Taking the stage in the UK last week, Dr. Gigi Osler called on leaders in medicine to help foster gender equity and advancement.
“When something negative happens, particularly to a learner, the responsibility for calling it out and dealing with it shouldn’t just fall on them — those of us in positions of power and privilege have to know how to respond so students feel valued and safe,” she said.
Dr. Osler was in London to launch The Lancet’s special issue on Advancing Women in Science, Medicine, and Global Health. Along with panelists from the UK, US and Sudan, Dr. Osler used the forum to discuss gender bias in medicine and science, and the changes needed at the institutional level to help women move into leadership positions. She also shared the CMA’s current work on this issue, highlighting the development of a new policy to promote increased equity and diversity in medicine.
“Part of my job is to go around the country and tell doctors and residents and medical students that a policy is a lever for action and for change,” Dr. Osler told the international audience. “And what we at the CMA need to do is enable them to use it.”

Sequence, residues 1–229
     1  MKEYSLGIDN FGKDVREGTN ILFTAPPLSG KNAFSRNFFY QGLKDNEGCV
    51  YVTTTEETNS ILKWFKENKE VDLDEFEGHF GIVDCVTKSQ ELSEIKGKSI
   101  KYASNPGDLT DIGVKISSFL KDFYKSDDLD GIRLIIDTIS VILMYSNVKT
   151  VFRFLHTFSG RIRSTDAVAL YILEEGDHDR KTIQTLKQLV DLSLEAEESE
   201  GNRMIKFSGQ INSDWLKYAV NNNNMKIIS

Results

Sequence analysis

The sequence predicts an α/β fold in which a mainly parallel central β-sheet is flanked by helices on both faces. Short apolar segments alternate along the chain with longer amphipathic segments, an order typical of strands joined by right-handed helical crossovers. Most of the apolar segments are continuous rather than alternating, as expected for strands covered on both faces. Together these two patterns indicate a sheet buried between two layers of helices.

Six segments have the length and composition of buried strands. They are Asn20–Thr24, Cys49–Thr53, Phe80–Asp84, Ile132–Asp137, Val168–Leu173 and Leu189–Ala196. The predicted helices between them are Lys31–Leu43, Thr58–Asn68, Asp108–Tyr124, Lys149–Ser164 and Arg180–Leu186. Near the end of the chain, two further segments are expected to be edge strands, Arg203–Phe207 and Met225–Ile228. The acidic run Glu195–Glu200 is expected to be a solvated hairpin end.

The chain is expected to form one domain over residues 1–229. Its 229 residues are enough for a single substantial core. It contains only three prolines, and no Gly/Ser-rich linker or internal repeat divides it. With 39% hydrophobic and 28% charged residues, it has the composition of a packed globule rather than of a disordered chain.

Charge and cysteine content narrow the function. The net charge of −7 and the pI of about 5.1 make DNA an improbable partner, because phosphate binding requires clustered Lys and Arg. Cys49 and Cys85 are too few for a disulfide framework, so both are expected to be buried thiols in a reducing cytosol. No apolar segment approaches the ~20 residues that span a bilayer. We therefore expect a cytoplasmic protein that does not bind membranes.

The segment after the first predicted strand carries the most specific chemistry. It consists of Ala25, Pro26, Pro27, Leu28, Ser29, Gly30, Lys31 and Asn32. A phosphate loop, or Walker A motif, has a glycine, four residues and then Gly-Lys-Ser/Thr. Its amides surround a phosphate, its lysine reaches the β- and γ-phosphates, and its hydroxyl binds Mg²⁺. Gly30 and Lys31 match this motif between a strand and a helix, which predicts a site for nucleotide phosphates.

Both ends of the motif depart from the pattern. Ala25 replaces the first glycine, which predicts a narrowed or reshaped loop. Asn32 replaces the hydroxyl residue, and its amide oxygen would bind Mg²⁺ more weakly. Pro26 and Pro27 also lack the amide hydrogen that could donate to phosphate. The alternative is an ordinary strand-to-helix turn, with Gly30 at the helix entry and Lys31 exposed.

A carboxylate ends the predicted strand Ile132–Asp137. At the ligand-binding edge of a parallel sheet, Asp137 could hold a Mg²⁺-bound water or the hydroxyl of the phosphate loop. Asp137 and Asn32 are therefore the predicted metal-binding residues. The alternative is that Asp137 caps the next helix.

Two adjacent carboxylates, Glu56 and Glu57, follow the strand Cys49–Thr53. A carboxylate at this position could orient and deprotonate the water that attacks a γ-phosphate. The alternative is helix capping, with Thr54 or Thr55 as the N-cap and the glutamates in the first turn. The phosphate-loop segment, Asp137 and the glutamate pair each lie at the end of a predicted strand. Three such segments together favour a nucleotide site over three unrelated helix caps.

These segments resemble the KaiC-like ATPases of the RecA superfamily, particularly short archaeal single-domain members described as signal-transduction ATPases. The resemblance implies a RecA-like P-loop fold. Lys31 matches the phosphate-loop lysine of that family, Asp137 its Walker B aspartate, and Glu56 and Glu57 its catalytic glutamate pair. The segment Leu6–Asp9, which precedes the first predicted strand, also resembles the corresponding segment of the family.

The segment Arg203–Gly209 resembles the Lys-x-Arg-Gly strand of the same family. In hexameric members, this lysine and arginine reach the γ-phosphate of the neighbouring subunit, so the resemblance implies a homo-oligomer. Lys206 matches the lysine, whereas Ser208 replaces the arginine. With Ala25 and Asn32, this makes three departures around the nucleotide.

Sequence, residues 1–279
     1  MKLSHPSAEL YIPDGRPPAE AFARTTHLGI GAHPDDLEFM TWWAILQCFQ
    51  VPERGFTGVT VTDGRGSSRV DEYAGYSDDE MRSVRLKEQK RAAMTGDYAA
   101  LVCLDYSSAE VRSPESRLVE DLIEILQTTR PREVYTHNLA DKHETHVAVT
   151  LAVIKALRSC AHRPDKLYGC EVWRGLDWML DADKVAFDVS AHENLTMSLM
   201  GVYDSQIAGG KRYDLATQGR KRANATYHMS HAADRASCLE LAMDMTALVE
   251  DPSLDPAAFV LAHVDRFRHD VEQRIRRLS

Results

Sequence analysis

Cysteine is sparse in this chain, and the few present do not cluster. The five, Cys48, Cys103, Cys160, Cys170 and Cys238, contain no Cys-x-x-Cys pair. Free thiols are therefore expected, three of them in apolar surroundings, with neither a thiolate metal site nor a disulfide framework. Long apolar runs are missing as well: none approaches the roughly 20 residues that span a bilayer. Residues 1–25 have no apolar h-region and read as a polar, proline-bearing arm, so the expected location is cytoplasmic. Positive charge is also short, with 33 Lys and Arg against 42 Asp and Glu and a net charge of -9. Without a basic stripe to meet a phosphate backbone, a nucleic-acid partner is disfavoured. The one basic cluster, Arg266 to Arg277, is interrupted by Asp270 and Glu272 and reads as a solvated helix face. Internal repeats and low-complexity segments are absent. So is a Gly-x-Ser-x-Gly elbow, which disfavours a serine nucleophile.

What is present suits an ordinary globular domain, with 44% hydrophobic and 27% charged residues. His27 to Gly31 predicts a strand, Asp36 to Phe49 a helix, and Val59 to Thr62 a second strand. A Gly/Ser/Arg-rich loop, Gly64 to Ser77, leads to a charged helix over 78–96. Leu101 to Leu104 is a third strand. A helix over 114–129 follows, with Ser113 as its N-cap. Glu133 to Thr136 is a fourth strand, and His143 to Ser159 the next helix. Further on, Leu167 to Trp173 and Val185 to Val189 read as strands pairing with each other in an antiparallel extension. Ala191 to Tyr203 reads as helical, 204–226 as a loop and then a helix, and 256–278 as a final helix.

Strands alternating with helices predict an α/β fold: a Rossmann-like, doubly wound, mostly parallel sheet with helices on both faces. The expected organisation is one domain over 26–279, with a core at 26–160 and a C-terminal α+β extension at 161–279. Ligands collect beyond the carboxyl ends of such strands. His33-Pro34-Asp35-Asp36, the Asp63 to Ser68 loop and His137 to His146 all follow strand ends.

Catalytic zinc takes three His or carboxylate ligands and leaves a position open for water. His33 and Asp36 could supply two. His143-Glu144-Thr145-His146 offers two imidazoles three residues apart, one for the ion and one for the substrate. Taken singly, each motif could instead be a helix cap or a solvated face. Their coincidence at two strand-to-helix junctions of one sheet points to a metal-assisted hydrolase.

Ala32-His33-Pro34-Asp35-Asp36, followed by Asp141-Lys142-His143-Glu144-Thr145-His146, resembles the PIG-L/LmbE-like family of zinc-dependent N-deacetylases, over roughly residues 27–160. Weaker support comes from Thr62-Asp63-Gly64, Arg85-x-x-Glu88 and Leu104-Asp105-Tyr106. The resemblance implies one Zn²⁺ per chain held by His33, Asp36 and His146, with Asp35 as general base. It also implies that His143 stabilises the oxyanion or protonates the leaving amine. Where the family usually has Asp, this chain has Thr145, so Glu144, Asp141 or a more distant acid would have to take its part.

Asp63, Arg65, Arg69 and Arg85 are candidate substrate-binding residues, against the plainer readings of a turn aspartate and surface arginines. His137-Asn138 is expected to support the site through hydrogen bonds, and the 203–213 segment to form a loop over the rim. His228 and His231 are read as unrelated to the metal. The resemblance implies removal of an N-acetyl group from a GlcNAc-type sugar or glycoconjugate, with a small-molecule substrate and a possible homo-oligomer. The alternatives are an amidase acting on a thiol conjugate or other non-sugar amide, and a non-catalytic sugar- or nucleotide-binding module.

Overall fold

How can members get involved?
- Read our consultation paper Addressing Gender Equity and Diversity in Canada’s Medical Profession: A Review, developed by the CMA in consultation with the Federation of Medical Women of Canada (FMWC)
- Help shape the CMA's new policy on equity and diversity in medicine by joining the online discussion, open to all CMA members until April 1
- Take part in ongoing discussions about gender equity by joining the equity in medicine community of interest on the CMA’s new community engagement platform
- Register for a live webinar on equity in advance of International Women’s Day. Dr. Kim Kelly will be hosting a panel discussion with CMA President Dr. Gigi Osler and Dr. Beverly Johnson of FMWC on Tuesday, March 5 from 8 to 9 pm ET
The Lancet’s theme issue, Advancing Women in Science, Medicine, and Global Health, is the product of an international call for papers resulting in over 300 submissions from around the world. Released February 8, the collection highlights that gender equity in science is not only a matter of justice and rights but is crucial to producing the best research and health care for patients.